Marley & Me Sits, Stays on The New York Times Best-Seller List

The Dog-Lit memoir cracks publishings A-list and earns Hollywoods attention.

Marley & MeMarley & Me author John Grogan knew he had the makings of a powerful story when 800 readers flooded the Philadelphia Inquirer with calls and emails about a column Grogan wrote about the passing of Marley, his neurotic yet infinitely lovable yellow Labrador Retriever.

A typical column might draw 30 responses.

All through Marley’s life, I entertained friends and readers at his expense, trotting him out to tell stories about his hopelessly bad behavior, says Grogan. After he died, I figured I owed it to him to tell the rest of the story, the whole story.

The whole story is more about the making of a family than a collection of memories about a beloved pet. Quickly I realized I couldn’t tell Marley’s story without telling the story of my wife and me and our intrepid journey into parenthood, says Grogan. Eventually I realized my book was not so much a dog book as the story of a family in the making and the bigger-than-life animal that helped shape it.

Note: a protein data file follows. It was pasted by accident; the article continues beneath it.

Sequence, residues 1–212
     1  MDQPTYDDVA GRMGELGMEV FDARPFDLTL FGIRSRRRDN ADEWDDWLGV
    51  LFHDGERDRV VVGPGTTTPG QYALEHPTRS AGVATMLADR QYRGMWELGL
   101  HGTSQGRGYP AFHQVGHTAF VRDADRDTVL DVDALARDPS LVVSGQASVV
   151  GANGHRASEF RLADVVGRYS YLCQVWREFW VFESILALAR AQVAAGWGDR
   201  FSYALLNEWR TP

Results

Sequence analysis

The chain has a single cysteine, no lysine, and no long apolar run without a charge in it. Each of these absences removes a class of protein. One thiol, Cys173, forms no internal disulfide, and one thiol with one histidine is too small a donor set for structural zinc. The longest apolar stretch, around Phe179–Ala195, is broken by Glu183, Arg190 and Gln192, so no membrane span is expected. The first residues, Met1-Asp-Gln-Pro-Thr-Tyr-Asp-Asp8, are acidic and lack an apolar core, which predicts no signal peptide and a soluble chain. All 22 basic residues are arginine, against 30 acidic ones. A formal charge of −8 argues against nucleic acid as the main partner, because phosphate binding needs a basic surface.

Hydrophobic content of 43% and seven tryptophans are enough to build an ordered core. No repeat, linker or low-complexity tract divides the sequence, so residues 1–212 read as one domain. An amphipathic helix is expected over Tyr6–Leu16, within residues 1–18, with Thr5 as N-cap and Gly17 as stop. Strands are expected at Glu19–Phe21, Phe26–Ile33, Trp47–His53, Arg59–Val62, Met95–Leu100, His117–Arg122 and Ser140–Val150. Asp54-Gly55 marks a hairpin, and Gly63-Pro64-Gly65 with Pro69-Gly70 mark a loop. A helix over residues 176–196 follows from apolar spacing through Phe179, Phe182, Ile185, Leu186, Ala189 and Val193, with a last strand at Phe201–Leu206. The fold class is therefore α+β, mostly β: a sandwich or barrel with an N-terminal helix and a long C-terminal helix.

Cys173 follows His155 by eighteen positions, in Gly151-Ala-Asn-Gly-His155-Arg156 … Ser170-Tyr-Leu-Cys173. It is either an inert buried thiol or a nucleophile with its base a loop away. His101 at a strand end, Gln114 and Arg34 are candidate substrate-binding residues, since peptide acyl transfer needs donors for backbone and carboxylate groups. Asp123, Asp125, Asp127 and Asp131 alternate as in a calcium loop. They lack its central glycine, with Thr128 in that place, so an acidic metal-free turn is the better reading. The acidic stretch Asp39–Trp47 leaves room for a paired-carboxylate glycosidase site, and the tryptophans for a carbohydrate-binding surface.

Marley joined the newly married Grogan and wife Jenny as a puppy and their life as well as some furniture, bits of drywall and one very expensive piece of jewelry would never be the same. Still, the endearing obedience-school failure melted the Grogans hearts at every turn. Just as he was incapable of putting the brakes on his behavior, he had no bounds on his affection and loyalty, either, says Grogan.

Today the family lives on the outskirts of Philadelphia, where Grogan continues to write for the Inquirer despite the phenomenal success of the book and the lucrative deal to make Marley & Me into a feature film. They’ve even got a new yellow Lab named Gracie. Gracie is smart, calm, easily trained and just a little boring. But then after Marley, probably any dog would be.

Posted: March 23, 2006, 5 a.m. EST

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